Identity is an incredibly complex phenomenon, however, Akerlof and Kranton suggest that it can be reduced to a formula by adjusting standard utility to incorporate social norms. However, it is difficult to predict to what extent identity impacts economic behavior, since identity consists of many different factors. Whilst many people agree that identity impacts behavior, many disagree that it can be simply reflected through economic models. The fact that Akerlof and Kranton made their 2010 book palatable for a mass audience with little psychological or economic background may have increased room for criticism.7
Some might argue that norms and identity are separate influences that should not both fall under the umbrella term ‘identity economics’. It is difficult to discern the difference between identity as an individual choice and identity as a category forced upon people by society. Suggesting that one’s social group is the largest influence over economic decisions also suggests a lack of freedom in making choices. We often identify as part of many different social groups, and identity economics does not offer a clear way to analyze which identities have the greatest influence over behavior.8
Education and Identity Economics
It can be extremely difficult to get students motivated to pursue their education. When school feels like an obligation, students may not perform well due to a lack of meaningful attachment to their studies. While some behavioral science theories (like the behavioral perspective, which claims all behavior is a reflection of conditioning) suggest that providing students with rewards can help motivate them to study, identity economics could provide a new tool to increase student engagement.
In a 2002 literature review, Akerlof and Kranton suggested that student identity is the primary motivation for studying, and that a school’s success depends on how well students integrate into the school’s social setting.9 One study they reviewed revealed that students tend to divide themselves amongst groups (like jocks, nerds or theatre geeks), and that the group an individual belongs to impacts their academic performance. This led Akerlof and Kranton to believe that after choosing a social group, students then choose how much effort they want to put into their studies because of a desire to fit in with their group.9 A stereotypical example would be a jock deterred from studying due to a desire to fit in by playing sports after school, instead of attending tutoring.
The values a school emphasizes can also impact what subjects students do well in. For example, if a school prides itself on an annual theatre production, students might put more effort into theatre than sports to try and fit in with the social setting. Alternatively, Akerlof and Kranton found that students whose identity conflicted with the school’s identity, and therefore who did not want to assimilate into the school, showed very low levels of effort. Akerlof and Kranton also postulate that one reason students in private schools tend to have better grades than those in public schools is because private schools are able to perpetuate a particular ideal and identity, whilst public schools are targeted towards diverse communities.9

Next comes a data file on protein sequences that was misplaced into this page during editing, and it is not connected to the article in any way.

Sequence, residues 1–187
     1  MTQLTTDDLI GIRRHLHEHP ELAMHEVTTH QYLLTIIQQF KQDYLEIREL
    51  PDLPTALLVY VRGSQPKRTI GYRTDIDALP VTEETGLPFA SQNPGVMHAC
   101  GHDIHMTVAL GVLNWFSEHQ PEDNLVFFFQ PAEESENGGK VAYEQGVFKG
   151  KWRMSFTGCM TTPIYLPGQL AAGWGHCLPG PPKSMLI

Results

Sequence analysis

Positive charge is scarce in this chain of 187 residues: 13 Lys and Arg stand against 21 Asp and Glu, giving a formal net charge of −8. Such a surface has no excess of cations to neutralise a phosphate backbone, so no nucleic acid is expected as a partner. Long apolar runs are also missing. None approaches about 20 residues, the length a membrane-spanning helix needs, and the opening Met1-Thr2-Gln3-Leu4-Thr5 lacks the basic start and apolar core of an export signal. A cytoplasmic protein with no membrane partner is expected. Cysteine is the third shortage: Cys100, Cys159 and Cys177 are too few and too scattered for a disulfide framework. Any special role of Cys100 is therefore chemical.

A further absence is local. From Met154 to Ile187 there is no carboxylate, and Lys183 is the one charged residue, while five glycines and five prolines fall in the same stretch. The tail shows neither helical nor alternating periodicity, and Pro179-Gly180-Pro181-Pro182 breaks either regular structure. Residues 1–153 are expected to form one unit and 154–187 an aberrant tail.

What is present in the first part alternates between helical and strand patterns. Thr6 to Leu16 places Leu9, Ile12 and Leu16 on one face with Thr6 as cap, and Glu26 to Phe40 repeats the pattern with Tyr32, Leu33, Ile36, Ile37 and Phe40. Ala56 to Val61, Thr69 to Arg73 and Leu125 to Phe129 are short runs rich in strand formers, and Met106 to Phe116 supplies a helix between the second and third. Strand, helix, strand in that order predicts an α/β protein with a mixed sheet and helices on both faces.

Identity economics therefore reveals how important it is that schools cultivate a social identity that students feel compelled to adhere to. If students and teachers are both working together towards a common purpose, we are likely to see academic performance improve.10
Robbers Cave Experiment
A famous experiment that helps support identity economics is called the Robbers Cave Experiment. The experiment was conducted by social psychologist Muzafer Sherif, who believed that group conflict can arise due to competition over limited resources, known as realistic conflict theory. This opposed the prominent views in the 1950s that posited individuals, especially men, were conflict-prone by nature. Sherif believed context mattered.11
In the experiment, Sherif ran a boy’s camp in a remote location in Oklahoma. Twenty-two eleven-year-old boys were split into two groups and sent to opposite sides of the campsite. They had no idea that the other group existed and the boys were unaware that they were part of an experiment. In order to create a shared identity, shared activities were held within each group for the first week of the experiment which, to Sherif’s surprise, even resulted in the formation of group names. In the second week, after a group identity had been formed, the two groups met and competed against one another. This quickly resulted in name-calling, taunting, and physical acts of aggression. This behavior heavily supported the theory of in-group bias.12
For the third component of the study, however, Sherif wanted to show that when groups need to work together for a common goal, conflict diminishes. Sherif created situations in which the groups’ cohesion mattered if they wanted to succeed. For example, when a supply truck broke down, the groups had to work together to carry supplies to camp. After the boys engaged in these activities, there was less conflict between the groups.12
The Robbers Cave Study demonstrates that contact alone is not enough to reduce conflict between groups. Instead, there must be a common objective that groups work towards. This finding shows that people’s sense of self, not just their physical proximity to social groups, influences behavior. 12